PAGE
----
Victoria’s corruption watchdog is looking into suspicious conduct at a regional Victorian TAFE.

The Independent Broad-based Anti-Corruption Commission (IBAC) has heard the executive manager of the South West Institute of TAFE at Warrnambool, Maurice Molan, was approached by Rebecca Taylor, the owner of training company Taytell with an offer to deliver an engineering course.

The hearing was told the TAFE was at risk of being shut down by the State Government, and so it needed third parties to operate some of its courses.

Ms Taylor collected $1.8 million in state subsidies for the course as well as almost $500,000 from the TAFE.

Counsel assisting Ian Hill QC said none of the power company employees that the course was designed for actually took part in it, despite Ms Taylor – who denies any wrongdoing - billing for over 172,000 student contact hours.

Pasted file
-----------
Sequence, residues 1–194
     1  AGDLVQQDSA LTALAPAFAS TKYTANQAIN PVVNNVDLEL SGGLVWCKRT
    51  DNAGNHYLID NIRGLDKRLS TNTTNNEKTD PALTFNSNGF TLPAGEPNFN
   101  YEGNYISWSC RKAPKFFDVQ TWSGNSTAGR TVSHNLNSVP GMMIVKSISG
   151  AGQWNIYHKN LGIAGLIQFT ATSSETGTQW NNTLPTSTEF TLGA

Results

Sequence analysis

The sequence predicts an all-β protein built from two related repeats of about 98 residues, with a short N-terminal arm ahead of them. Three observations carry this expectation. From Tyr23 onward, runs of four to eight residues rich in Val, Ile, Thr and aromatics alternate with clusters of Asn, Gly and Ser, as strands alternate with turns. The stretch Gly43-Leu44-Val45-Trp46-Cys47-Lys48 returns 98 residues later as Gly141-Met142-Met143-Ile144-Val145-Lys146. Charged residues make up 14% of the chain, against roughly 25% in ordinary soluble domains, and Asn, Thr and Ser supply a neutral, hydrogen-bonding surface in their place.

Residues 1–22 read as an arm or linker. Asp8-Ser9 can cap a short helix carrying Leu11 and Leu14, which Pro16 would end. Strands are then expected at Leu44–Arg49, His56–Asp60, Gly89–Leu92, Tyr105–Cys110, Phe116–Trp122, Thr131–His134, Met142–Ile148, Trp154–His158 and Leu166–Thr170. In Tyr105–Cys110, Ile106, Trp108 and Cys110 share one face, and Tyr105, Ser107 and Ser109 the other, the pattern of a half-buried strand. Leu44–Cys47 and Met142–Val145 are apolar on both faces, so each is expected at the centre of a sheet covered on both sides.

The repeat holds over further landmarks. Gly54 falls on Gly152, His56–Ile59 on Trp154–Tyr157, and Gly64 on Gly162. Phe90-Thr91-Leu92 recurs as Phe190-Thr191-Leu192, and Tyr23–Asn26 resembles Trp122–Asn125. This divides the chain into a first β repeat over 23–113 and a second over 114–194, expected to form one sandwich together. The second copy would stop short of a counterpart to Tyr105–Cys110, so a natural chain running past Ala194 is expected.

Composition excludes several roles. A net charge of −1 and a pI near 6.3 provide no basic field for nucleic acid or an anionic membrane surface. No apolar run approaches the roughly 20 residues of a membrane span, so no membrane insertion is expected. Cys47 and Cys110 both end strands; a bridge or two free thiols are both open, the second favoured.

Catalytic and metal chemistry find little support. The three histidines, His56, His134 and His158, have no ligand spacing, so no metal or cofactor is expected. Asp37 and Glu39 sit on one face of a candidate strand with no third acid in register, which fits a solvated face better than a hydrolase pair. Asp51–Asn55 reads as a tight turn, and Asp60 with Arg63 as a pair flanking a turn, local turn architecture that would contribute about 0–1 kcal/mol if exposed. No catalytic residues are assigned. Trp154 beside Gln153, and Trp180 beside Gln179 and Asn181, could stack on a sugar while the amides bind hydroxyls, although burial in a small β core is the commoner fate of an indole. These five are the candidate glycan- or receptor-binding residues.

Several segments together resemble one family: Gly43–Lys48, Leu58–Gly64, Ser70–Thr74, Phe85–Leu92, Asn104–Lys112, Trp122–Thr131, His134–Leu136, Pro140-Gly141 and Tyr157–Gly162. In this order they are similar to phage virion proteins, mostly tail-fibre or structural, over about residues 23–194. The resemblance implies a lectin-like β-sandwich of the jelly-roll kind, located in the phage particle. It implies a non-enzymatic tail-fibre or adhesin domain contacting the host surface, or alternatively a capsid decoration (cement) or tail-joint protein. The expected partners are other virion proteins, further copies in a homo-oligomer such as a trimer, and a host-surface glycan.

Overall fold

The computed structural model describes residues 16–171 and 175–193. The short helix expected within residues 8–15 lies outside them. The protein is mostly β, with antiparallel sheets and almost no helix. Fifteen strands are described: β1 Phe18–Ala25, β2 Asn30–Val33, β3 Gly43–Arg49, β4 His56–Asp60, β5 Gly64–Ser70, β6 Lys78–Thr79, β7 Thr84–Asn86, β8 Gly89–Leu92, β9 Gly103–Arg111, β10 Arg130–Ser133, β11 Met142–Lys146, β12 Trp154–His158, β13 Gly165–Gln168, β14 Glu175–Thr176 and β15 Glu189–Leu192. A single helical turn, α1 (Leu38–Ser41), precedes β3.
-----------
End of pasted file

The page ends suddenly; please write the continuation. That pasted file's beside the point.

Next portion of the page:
Mr Molan admitted he had signed off on Ms Taylor's contact with the TAFE knowing she lacked any engineering qualifications, but denied later accessing the TAFE's student database to falsely state that Ms Taylor had obtained the necessary qualifications.

“I have no recollection of doing it but I don't deny it was done under my name,” he said.

Mr Molan allegedly gave Ms Taylor passing marks in a Certificate IV in engineering close to the time that she submitted her first invoice for $1.4 million.

Mr Molan said he did nothing to verify that the course was actually being delivered.

“We thought this was a legitimate training exercise,” he said.

The TAFE's chief executive at the time, Peter Heilbuth, admitted he approved Ms Taylor’s contract without knowing anything about her company.

“Maybe in this instance I relied on Mr Molan too much,” he said.

He said that when he asked questions about the first invoice from Ms Taylor, Mr Molan assured him “it was all above board”.

The hearings will continue, and Mr Molan may be recalled to give further evidence.